In the meantime, the Casa d’Italia on Meşrutiyet Caddesi was used temporarily as the Italian Embassy and the ambassador’s residence became a mansion in Ayazpaşa, which would be converted into the Park Hotel in later years. As a result of the negotiations between the Italian State and the Ottoman Empire, it was decided to construct a new building in Maçka that could be used permanently by the Italian Embassy. However, in the turmoil of World War I, the building was never put to use.

After World War I and the collapse of the Austro-Hungarian Empire, Italy claimed back as “historical Italian property” both the Palace of Venice in Istanbul and the archive stored in the embassy residence. It was not until March 27, 1919, and owing to the efforts of Count Sforza, high commissioner of Italy in Istanbul between 1918 and 1919, that the official transfer was formally decreed. From then until 1936, the Palace of Venice remained the main residence of Italian ambassadors until the embassy was moved to Ankara, the new capital of the Turkish Republic.

1-Tommasso Bertele, Il Palazzo degli Ambasciatori di Venezia a Costantinopoli e le sue Antiche Memorie, Casa Editrice Apollo Bologna: 1932.

2- Küçük İtalya Tophane semtinde İtalyan Konsolosluğu, İtalayan Lisesi ve Hotel İtalya’nın bulunduğu meydandır.

The Italian Embassy Archives Collection

This collection contains the files and publications of various offices such as the chancellery and the consulate of the Italian Embassy in Istanbul. The Legal and Consular divisions constitute the two main categories of the collection. These are followed by the records of the Health Commission, which comprise a much more limited number of registers, and two small booklets.

I-LEGAL DIVISION (TRIBUNAL)
1-Registers of sentences (Sentences)
2-Verbal registers (Comptes rendus)
3-Minutes of proceedings (Procès verbaux)
4-Diverse registers (Divers)
5-Documents (Dossiers)
6-Inventories (Inventaires)

II- CONSULAR DIVISION (CONSULAT)
1-Correspondence
2-Personnel
3-Accounting
4-Other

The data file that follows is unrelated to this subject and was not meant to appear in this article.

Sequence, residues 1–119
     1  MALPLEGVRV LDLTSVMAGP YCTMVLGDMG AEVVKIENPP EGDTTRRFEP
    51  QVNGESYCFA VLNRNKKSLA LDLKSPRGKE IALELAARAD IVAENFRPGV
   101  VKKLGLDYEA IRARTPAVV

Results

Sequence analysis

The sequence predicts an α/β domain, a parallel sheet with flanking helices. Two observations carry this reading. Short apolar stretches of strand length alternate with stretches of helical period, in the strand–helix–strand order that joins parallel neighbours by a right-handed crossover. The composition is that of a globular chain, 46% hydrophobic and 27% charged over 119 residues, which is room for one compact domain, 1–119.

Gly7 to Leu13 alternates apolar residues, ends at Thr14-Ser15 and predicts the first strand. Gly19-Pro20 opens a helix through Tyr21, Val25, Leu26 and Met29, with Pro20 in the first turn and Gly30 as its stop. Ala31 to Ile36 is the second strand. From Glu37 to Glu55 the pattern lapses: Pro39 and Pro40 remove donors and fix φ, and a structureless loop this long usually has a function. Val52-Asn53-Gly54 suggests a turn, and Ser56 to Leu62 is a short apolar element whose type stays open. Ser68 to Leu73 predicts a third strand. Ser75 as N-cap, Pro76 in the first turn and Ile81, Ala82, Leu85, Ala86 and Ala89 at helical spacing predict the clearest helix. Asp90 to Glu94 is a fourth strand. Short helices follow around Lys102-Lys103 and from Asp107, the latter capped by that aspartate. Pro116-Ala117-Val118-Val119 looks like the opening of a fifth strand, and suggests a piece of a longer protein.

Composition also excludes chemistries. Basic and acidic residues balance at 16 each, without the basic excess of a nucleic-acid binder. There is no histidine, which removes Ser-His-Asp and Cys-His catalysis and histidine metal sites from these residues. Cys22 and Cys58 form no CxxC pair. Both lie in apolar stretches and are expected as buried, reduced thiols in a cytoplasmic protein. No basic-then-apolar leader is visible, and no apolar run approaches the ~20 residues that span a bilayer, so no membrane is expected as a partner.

III-HEALTH COMMISSION DIVISION (COMMISSION SANITAIRE)
IV-OTHER (DIVERS)

I-LEGAL DIVISION:

Archival material related to the Embassy’s legal and judicial cases. This includes legal cases, attachments, final civil trials, pending cases, final judgments, bankruptcies, the legalization papers of various companies, institutions and associations, and various other legal documents. The files in this section are categorized in terms of date, size, language, material, and type.


Osmanlı mahkemelerinde İtalyan tebaasından olanlara karşı alınan kararlara bir örnek

1- Registers of sentences
42 volumes covering the period between 1860 and 1911. This series includes information about civil, penal, and commercial sentences relating to birth, death, marriage, and citizenship cases.

Ceza hukuku duruşma tutanakları  defteri 1876.

2-Verbal registers
25 registers covering the period from1866 to 1924. This series contains information on civil and commercial cases.

Teresa Chrissoni’nin Seniha Sultan’a verdiği borçla ilgili davaya dair zabıt tutanakları defterinin içindekiler sayfası.

3-Minutes of Proceedings
11 files on individual cases covering the period from 1879 to 1913. This series includes the minutes of court general meetings and judicial sessions.

 

4-Diverse Registers
18 registers from the period between 1861 and 1922, which include correspondences, reports, judicial deposits, and name indices.

5-Documents
9 documents from the period between 1866 and 1921, including information related to particular cases such as those involving loans.

Müteveffa Carlo Massioli’nin Yeni Cami mahallesinde bulunana dükkanına ait malların envanteri

6-Inventories